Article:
Establishment of the Health Incident Response Task Force

May 23, 2018



Report by the U.S. Government Accountability Office (GAO) on Health Attacks

published/publicly released Sep. 6, 2018

REPORTED INJURIES TO U.S. PERSONNEL IN CUBA: Preliminary Observations on State's Response and Management Challenges



Foreign Affairs Committee - Subcommittee Hearing "U.S. Policy Toward Cuba"

Sep. 6, 2018


GAO's Acting Director - International Affairs and Trade - Brian M. Mazanec, Ph.D.:


[40:37] Thank you. Good afternoon chairman Cook, ranking member, distinguished members of the subcommittee and staff. Thank you for the opportunity to discuss GAO's work on the Department of State's response to the Health Incidents in Havana Cuba. As you are aware and as was just mentioned, since late 2016, U.S. personnel and their families in Havana have experienced incidents associated with unusual sounds or auditory sensations that resulted in serious injuries. The unprecedented and unexplained nature of these incidents created some management challenges for State as it responded and continues to respond. It is important to identify and address these challenges in order to help State improve security programs and practices at all overseas posts. 


First, I will be discussing our July 2018 report, which was released yesterday, on States process for convening an Accountability Review Board or ARB. Second, I will be discussing our preliminary observations on three key management challenges related to the unexplained nature of the incidents. On the first topic, we found that State does not have policies to ensure that its office responsible for initiating the process for convening an ARB is made aware of incidents that may meet the ARB criteria. The responsible office, State’s Office of Management Policy, Rightsizing, and Innovation (M/PRI) starts the incident vetting process as soon as it becomes aware of a potentially qualifying incident. However, M/PRI relies on informal communication to identify such incidents. With regard to the situation in Havana, other State offices began responding to the incidents in January of 2017. However, M/PRI was not made aware of the incidents until eight months later in mid-August when a former M/PRI official contacted the office after seeing media coverage of the incidents. Officials from the responding State Office have told us it was unclear whether the incidents met the criteria for convening an ARB and thus they did not inform M/PRI. However it is not the role of State offices to evaluate whether the incidents meet ARB criteria before reporting them to M/PRI. If M/PRI is not aware of incidents, it cannot initiate State's ARB incident vetting process. This puts State at risk of not meeting statutory timeframes for convening an ARB and most importantly could result in State being less able to improve security at overseas posts. In our report, we recommended that State revise its policies to improve communication to M/PRI of incidents that may meet ARB criteria.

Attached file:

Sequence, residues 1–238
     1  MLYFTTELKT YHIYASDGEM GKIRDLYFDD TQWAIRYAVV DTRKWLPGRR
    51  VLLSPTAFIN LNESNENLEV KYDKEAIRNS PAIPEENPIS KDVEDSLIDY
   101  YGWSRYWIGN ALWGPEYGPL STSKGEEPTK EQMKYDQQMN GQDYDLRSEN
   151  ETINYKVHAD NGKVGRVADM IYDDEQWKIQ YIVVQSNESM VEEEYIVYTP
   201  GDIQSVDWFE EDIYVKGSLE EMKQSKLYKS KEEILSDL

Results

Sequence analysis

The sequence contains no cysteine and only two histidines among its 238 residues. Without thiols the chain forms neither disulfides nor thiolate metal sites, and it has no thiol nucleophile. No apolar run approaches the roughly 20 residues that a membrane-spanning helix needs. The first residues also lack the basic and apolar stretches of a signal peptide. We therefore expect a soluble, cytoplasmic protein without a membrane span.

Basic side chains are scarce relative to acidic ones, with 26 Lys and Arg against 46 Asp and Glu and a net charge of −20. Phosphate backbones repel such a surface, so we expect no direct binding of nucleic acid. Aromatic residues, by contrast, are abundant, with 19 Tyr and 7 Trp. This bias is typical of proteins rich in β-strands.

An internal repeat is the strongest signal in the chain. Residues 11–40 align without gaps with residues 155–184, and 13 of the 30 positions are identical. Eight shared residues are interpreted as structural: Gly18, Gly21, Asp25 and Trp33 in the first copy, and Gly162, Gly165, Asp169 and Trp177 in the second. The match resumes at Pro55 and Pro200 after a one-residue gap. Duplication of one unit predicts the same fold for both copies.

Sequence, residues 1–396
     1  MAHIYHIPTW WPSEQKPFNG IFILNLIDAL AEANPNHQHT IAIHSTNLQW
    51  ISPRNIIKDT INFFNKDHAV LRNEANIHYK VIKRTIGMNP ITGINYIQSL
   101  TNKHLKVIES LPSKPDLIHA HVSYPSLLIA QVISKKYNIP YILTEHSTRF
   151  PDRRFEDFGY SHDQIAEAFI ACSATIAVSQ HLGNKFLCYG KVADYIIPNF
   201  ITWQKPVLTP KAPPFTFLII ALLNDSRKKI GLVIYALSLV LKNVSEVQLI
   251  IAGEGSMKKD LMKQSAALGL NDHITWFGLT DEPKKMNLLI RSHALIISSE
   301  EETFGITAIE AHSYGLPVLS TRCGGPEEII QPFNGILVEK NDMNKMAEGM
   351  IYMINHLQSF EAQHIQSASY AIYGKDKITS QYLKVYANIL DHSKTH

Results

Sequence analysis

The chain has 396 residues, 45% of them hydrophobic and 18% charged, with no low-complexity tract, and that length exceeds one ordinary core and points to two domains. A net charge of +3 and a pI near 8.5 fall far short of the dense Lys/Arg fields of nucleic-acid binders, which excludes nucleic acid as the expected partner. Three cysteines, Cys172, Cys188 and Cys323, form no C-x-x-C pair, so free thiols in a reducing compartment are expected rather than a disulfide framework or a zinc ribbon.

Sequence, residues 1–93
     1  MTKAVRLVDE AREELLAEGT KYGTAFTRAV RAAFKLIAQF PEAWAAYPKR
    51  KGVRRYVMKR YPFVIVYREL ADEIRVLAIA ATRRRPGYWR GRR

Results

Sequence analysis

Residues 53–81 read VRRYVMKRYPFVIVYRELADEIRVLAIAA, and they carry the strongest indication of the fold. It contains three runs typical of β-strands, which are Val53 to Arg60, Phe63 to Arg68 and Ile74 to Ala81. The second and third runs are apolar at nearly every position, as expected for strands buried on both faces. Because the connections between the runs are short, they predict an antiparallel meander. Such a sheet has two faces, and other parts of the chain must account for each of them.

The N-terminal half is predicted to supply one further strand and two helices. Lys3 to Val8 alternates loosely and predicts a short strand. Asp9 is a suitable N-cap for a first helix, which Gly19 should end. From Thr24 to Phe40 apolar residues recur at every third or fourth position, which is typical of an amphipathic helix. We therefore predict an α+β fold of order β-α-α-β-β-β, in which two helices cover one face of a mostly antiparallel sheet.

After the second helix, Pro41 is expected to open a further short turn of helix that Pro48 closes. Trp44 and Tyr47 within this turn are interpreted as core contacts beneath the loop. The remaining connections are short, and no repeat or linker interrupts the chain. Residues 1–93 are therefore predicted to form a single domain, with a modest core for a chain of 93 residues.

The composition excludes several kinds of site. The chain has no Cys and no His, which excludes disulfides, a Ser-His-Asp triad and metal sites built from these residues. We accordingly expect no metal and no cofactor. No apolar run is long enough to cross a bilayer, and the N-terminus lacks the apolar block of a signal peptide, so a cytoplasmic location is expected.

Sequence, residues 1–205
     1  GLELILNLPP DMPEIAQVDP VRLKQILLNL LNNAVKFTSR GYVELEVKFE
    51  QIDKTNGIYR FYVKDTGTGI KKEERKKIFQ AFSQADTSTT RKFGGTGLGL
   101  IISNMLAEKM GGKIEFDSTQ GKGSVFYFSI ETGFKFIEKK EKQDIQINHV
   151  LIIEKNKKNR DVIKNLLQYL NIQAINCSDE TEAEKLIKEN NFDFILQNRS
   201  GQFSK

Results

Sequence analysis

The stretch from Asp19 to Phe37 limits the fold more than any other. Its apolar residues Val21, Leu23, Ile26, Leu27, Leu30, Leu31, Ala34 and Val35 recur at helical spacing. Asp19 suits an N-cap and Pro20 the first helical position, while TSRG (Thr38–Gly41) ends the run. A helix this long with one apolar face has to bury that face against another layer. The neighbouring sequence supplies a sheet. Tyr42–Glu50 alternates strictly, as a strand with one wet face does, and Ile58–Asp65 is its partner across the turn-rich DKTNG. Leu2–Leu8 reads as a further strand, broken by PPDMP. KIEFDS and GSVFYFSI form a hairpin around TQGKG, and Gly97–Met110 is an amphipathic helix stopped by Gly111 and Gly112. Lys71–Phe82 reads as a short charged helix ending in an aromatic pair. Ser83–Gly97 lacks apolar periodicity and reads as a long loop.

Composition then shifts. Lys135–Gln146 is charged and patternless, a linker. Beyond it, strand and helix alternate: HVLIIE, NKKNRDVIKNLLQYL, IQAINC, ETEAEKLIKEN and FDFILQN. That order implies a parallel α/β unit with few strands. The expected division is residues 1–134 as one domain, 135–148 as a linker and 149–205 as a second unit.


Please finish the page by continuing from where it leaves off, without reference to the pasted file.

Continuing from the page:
The second topic I'd like to discuss today is our preliminary observations from our broader ongoing review of State's response to the incidents in Cuba. To date we've identified three key management challenges related to the unexplained nature of the incidents. The first management challenge relates to mitigating risk to US personnel given the unknown nature of the incidents. Because the Department does not have definitive answers on the cause or source of the attacks, it has not been able to comprehensively reduce the risk of injury to personnel. Instead, State has taken other actions to mitigate risk such as ordering the departure of family members and non-emergency personnel in Havana and directing all posts to review and if necessary revise their emergency action plans. The second management challenge we identified is caring for affected personnel and family members. State officials have made it clear that caring for affected individuals is their top priority. However, State has faced multiple issues in providing this care. For example, the Bureau of Medical Services (MED) lacked authority for domestic medical evacuations to send individuals to the University of Pennsylvania for evaluations in care. This issue was addressed just last week when State delegated full authority for domestic med evacs to MED. 


The third and final management challenge I want to highlight is State's communication with internal and external stakeholders. As mentioned earlier, State had issues ensuring M/PRI was in the loop as the incidents initially occurred. Externally, State also experienced difficulties in communicating with other departments and agencies and responded to these incidents. As Ambassador Bodde noted the ARB has completed its work. The ARB identified some of the same challenges I just mentioned and State has also established the Health Incidence Response Task Force in May to direct a multi-agency response to the incidents. Both of these efforts are resulting in changes that may address some of these management challenges. As GAO continues its broader review, we will be examining the ARB's findings and State's ongoing response. Chairman Cook, ranking member (...) and members of the Subcommittee this concludes my statement. I look forward to your questions.


Full text of Statement: